Tuesday, September 6, 2016

What Makes Toxic Cultures?

By Pascal Dennis

“The walls in that place ooze toxicity.”

That’s how a colleague describes a famous Canadian children’s hospital. I was shocked, as you might imagine.

How can this be, I thought? My colleague is a senior nurse practitioner and administrator – energetic, capable, and an inspiring optimist. And children’s hospitals are among the most inspiring of workplaces.

(It’s been my good fortune to work with the great Dr Tom Hansen, now retired, and the splendid Seattle Children’s Hospital team. Long may you run.)

Anyhow, after three years trying to change the place, she resigned.

Why are some organizations toxic?


In my experience, a deep, persistent toxicity requires decades to develop. My friend, Jim Sapienza, suggests toxic cultures are like toxic waste dumps.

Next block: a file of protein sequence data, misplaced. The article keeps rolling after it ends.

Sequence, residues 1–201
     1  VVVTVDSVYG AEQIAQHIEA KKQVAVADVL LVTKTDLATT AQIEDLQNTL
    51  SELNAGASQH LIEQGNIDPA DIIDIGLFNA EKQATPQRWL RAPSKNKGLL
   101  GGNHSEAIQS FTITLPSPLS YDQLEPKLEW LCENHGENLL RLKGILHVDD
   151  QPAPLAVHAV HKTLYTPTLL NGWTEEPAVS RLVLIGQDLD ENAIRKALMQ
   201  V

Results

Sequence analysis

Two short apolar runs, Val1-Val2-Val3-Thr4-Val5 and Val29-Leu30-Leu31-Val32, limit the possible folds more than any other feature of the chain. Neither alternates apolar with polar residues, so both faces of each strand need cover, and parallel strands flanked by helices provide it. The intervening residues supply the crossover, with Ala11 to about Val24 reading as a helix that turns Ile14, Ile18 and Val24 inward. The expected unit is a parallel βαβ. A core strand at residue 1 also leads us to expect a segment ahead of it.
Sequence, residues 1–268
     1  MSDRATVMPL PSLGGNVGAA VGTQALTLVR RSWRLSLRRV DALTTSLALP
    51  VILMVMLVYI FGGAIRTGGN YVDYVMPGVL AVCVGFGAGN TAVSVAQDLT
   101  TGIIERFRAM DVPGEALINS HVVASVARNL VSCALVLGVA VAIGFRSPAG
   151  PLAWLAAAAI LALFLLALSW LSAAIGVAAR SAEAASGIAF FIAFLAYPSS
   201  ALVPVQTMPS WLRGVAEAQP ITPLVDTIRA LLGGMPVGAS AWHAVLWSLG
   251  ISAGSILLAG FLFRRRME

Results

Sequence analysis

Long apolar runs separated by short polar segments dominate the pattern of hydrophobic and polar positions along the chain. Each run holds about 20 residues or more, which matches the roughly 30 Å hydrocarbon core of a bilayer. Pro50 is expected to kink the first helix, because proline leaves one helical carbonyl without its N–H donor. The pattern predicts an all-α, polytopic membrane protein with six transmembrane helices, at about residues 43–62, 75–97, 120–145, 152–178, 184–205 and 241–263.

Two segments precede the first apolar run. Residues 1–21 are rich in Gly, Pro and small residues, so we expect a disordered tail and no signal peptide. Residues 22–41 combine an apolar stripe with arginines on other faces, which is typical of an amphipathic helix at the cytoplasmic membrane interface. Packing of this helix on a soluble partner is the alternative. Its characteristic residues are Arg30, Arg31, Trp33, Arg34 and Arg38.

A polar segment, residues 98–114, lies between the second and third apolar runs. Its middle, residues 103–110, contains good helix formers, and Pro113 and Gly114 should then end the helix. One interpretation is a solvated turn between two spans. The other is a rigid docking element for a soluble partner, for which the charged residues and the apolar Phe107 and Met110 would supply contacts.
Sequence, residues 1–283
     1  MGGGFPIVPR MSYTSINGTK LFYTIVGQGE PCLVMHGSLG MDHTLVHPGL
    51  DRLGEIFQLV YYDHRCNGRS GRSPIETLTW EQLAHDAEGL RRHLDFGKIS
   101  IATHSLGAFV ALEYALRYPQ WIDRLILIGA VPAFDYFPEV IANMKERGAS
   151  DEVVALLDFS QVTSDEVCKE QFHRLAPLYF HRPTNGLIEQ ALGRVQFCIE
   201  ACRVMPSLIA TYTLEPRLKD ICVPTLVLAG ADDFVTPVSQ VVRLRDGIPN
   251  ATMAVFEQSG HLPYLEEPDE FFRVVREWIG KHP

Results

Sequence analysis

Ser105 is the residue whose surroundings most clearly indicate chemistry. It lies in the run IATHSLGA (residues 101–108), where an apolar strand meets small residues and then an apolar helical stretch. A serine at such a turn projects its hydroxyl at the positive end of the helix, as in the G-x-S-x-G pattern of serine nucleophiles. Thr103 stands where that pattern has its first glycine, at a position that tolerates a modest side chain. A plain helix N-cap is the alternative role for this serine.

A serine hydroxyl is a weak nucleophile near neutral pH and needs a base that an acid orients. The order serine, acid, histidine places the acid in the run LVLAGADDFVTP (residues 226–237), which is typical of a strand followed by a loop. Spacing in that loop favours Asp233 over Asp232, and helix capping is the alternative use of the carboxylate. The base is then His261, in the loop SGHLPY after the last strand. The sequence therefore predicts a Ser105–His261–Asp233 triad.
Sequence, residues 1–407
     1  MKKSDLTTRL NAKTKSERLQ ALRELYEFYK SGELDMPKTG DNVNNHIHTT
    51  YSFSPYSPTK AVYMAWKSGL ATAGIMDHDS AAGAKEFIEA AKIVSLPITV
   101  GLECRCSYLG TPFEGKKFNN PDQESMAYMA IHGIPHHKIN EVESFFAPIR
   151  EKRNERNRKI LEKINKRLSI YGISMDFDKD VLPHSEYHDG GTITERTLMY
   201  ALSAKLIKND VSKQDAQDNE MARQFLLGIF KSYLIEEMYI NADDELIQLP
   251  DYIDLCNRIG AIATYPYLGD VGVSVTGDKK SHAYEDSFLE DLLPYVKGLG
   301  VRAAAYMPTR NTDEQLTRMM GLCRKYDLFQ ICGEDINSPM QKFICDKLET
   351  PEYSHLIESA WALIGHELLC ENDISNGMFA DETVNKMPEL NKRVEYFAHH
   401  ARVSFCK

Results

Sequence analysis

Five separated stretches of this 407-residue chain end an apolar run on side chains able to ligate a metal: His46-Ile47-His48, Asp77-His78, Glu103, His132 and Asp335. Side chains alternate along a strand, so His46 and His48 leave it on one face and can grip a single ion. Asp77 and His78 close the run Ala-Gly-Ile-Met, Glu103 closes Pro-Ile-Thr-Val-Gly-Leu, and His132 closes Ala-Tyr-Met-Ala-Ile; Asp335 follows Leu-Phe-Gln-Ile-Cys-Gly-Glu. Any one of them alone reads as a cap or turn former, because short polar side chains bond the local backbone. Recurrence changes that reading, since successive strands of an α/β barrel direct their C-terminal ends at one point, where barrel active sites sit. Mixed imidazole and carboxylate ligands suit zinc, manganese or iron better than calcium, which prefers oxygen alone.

Barrel after barrel of toxic waste, and decades of poor environmental practice make the latter. Similarly, barrel after barrel of human deceit, arrogance and cruelty, and decades of poor management create the former.

What’s the countermeasure? Environmental recovery requires careful removal of contaminated soil, materials and equipment, and diligent treatment of air and water using the most advanced technologies available.

Often a site is uninhabitable for years. Does the same metaphor apply for toxic cultures?

I’m reminded of that bad Charles Bronson movie, The Evil That Men Do….

Bad management can last for generations. Garbage that leaders do today can afflict people not yet born.

Leaders, are you up to the challenge?

Best regards,

Pascal


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